Aquila 44: Power Cat with All the Angles

All boat people are dreamers. One dream involves owning a platform big enough for family and friends to have a great time together, but also to have some privacy; a boat optimized for outdoor fun on the water, and for comfortable inside living; a boat that’s both stable and seakindly.

The Aquila 44 power cat is built of premium materials for longevity. Many of the design elements are both modernistic and practical.

The Aquila 44 power cat is built of premium materials for longevity. Many of the design elements are both modernistic and practical.

Charter companies have long known the secret here: Build big, roomy catamarans with well-designed living and play spaces. Until recent years, sailing rigs prevailed on these boats, but inevitably the builders started deleting the sails on some models, and beefing up the diesels for all-power chartering.

MarineMax, the mammoth American boat retailer, has gotten up to speed very quickly in the big power-cat world, using top design talent and premium building techniques to produce (as of this writing) three primary models, a 38, a 48, and the new 44-footer in the middle, all dual-purposed for both charter and private sale.

The master stateroom stretches across the full beam of the cat.

The master stateroom stretches across the full beam of the cat.

The 2014 Aquila 44 (known in the charter trade as the MarineMax 443) serves as a good example of a large-scale collaborative boatbuilding project. The Slovenian firm of J&J Design (for brothers Jernej and Japec Jakopin) drew up the plans; the boat is built in China by the Sino Eagle Group, and the sales, marketing, charter vacationing, and general clout is provided by MarineMax. All companies have wide experience in the global recreational marine industry.

The design maximizes hull volume and deck space for good living in the elements and belowdecks, but adds sharp, modernistic styling that serves both practical and aesthetic purposes – tinted, forward-slanting upper bridge windows; a pronounced overhang for shade over the tinted main deck windows; a hardtop well-integrated with the antenna arch; big hullside windows like speedy parallelograms, and a sheer that rises dramatically from transom to bows. Jernej and Japec know what they’re doing in terms of visuals. They make space and comfort look racy, even with the boat standing still.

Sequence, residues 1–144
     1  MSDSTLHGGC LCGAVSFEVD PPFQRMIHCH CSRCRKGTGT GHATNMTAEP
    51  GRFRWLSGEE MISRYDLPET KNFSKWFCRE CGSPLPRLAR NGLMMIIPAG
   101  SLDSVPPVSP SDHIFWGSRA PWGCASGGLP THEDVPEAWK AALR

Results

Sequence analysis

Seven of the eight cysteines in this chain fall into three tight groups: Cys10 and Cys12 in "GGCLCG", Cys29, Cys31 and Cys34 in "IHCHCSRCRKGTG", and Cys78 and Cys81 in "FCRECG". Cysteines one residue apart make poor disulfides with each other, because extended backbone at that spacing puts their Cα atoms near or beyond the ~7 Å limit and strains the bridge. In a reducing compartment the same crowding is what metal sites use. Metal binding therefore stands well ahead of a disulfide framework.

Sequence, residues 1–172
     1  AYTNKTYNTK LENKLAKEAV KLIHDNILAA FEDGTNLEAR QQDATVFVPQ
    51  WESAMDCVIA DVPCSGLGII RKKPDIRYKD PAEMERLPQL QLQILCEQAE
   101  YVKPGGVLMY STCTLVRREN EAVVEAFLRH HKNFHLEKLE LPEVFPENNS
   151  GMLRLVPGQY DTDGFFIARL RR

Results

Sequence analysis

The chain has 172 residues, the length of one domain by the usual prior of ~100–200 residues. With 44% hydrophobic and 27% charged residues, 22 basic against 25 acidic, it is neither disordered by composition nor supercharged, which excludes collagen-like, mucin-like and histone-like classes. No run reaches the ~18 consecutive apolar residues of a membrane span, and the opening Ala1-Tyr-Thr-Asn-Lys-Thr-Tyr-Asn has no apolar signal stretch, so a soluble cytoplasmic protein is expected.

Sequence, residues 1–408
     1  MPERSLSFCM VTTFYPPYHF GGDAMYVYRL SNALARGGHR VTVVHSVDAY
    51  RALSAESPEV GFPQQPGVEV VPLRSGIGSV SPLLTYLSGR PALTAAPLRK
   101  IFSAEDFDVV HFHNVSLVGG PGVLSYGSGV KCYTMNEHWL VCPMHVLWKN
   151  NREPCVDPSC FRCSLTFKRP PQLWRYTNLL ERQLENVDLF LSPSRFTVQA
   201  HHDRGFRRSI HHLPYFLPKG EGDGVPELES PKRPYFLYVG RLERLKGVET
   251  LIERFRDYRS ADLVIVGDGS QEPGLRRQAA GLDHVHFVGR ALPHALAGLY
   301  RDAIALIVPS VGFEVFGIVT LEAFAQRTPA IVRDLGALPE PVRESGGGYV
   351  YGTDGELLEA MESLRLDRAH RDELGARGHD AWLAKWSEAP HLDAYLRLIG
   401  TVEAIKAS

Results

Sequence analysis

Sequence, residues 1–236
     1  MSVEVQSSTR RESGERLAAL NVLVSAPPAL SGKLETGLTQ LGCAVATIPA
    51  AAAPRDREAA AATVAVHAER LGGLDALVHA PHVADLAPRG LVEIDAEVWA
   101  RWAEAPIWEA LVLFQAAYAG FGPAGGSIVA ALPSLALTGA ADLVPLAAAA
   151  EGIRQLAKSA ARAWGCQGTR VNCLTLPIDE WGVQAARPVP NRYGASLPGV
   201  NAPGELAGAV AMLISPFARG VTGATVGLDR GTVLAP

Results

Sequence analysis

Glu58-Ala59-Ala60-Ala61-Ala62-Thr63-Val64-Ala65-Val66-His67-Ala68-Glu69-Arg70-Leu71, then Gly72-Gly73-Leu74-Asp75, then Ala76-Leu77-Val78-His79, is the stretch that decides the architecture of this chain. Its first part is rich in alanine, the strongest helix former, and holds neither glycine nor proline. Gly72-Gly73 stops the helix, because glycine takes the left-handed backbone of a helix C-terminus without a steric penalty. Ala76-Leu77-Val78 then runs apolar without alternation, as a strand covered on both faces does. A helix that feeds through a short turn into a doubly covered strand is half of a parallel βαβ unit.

But the boat doesn’t stand still. Powered by twin 225-hp Volvo-Penta diesels, the 44 has a top speed of 17 knots. At a leisurely cruising speed of about seven knots it gets very good fuel economy for a boat of its size — about 2.9 nautical mpg.

The layout is available in a three-cabin/three-head version, shown here, or with two cabins and two heads -- a geat situation for a liveaboard couple.

The layout is available in a three-cabin/three-head version, shown here, or with two cabins and two heads — a great situation for a liveaboard couple.

The hull is built with top-quality vinylester resin to prevent water intrusion, NPG gelcoat, and resin-infused fiberglass in the main hull and deck construction. These materials and methods will help insure longevity — very important in the physically tough charter trade, and for resale value among private owners and buyers. And it has a really impressive features list.

The 44 is available to private owners in a three-cabin/three-head version, or, for really ultimate elbow room, comfort, and utility space for liveaboards, a two-cabin/two-head version.

Boaters interested in a serious test-drive of the boat  (in a  nice location) will be able to take one on a charter through marinemaxvacations.com.

Here’s a look at Lenny Rudow’s video review of the Aquila 44.  Also read his full review on boats.com: Aquila 44: Power Catamaran or Trawler? Yes. For yet more information, visit MarineMax.

 

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